EnviroTech Services, Inc. takes water conservation seriously. We have covered water shortages impacting the Colorado River and highlighted water management efforts by the state of Nevada. Although this is an alarming issue, it is important to remain hopeful and review how states around the country are addressing water shortages.
In the past twenty years, California has been devastated by water shortages. A majority of the water supply in California comes from the Colorado River, which has seen rapid reduction. In response to the water crisis, the state of California is utilizing desalination plants. Desalination plants convert salt water into fresh water by using a chemical or physical process to reduce salt concentrations.
The development of desalination plants has been a slow process, but has gained momentum due to the need to address water shortages. The first desalination plants where built in the 1960s; this has grown to approximately 20,000 plants globally. Over 300 million people are currently relying on desalination plants as their water source.
Image by Singapore's National Water Agency
The Claude “Bud” Lewis Carlsbad Desalination Plant on the Pacific Coast is the largest operation turning salt water into fresh water. Over 100 million gallons of seawater are pumped into the plant’s semi-permeable membranes, which produces around 50 million gallons of drinkable water. The Carlsbad plant started operation in 2015, and provides 10% of fresh water to the 3.1 million people in the San Diego region. The Carlsbad plant won an international award for technological and environmental achievement in 2016.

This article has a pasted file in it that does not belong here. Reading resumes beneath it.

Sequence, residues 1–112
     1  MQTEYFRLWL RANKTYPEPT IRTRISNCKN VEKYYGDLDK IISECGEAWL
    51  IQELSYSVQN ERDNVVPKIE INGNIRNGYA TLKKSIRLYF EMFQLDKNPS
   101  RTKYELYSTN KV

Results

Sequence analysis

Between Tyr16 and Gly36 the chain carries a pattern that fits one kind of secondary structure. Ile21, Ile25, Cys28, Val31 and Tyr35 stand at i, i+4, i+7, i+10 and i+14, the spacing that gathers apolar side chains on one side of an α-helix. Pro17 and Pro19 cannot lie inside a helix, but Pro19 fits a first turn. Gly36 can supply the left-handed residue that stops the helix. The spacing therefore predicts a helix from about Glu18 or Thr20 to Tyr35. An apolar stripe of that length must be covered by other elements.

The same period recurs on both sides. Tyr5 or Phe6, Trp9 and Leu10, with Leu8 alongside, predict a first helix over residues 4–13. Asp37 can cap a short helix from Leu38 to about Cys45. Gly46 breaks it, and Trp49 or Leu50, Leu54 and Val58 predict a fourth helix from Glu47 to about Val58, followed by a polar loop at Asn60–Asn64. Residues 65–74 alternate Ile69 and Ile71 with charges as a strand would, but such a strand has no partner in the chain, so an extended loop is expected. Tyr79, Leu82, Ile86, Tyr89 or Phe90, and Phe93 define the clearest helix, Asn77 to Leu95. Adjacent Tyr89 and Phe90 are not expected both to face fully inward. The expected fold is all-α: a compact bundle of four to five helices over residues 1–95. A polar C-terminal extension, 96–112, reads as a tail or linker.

Carlsbad Desalination Plant
The desalination process works, but at what cost? It costs approximately twice as much as the other main water source, the Colorado River. This technology is so expensive because it is still very new; it is expected to decline as technology evolves.
Although the desalination process addresses one environmental issue, it results in others. The amount of energy required for the desalination process has substantially increased the burning of fossil fuels. Another concern is the damage to ocean and marine ecosystems. The threat desalination plants pose to marine life is not entirely known, which makes potential consequences risky. California is attempting to address the environmental threat posed by desalination plants with restrictive policies, such as the Desalination Amendment passed in 2016.
There are many improvements to be made, but the state of California remains hopeful about how desalination plants can address water shortages. Desalination plants have the potential to replace reliance on water sources hundreds of miles away.
Creative, RetroMotion. “Desalination and the California Water Shortage.” ISI Water, 8 Nov. 2016, isi-water.com/desalination-california-water-shortage/.
Robbins, Jim. “Desalination Is Booming as Cities Run out of Water.” Wired, Conde Nast, www.wired.com/story/desalination-is-booming-as-cities-run-out-of-water/.